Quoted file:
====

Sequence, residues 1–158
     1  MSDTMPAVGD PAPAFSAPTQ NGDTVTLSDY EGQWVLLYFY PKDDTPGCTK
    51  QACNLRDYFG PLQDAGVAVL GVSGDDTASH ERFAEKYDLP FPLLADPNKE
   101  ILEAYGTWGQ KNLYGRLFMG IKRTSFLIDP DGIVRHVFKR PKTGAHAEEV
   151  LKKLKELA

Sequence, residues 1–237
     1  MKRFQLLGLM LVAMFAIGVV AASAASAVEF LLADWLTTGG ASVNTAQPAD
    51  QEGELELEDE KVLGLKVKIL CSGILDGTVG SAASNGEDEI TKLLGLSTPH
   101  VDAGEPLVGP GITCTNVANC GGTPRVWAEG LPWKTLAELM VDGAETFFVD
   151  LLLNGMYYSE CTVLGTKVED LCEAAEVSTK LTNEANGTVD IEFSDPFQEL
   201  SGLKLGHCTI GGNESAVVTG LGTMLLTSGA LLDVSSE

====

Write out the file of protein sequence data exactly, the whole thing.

Sequence, residues 1–158
     1  MSDTMPAVGD PAPAFSAPTQ NGDTVTLSDY EGQWVLLYFY PKDDTPGCTK
    51  QACNLRDYFG PLQDAGVAVL GVSGDDTASH ERFAEKYDLP FPLLADPNKE
   101  ILEAYGTWGQ KNLYGRLFMG IKRTSFLIDP DGIVRHVFKR PKTGAHAEEV
   151  LKKLKELA

Sequence, residues 1–237
     1  MKRFQLLGLM LVAMFAIGVV AASAASAVEF LLADWLTTGG ASVNTAQPAD
    51  QEGELELEDE KVLGLKVKIL CSGILDGTVG SAASNGEDEI TKLLGLSTPH
   101  VDAGEPLVGP GITCTNVANC GGTPRVWAEG LPWKTLAELM VDGAETFFVD
   151  LLLNGMYYSE CTVLGTKVED LCEAAEVSTK LTNEANGTVD IEFSDPFQEL
   201  SGLKLGHCTI GGNESAVVTG LGTMLLTSGA LLDVSSE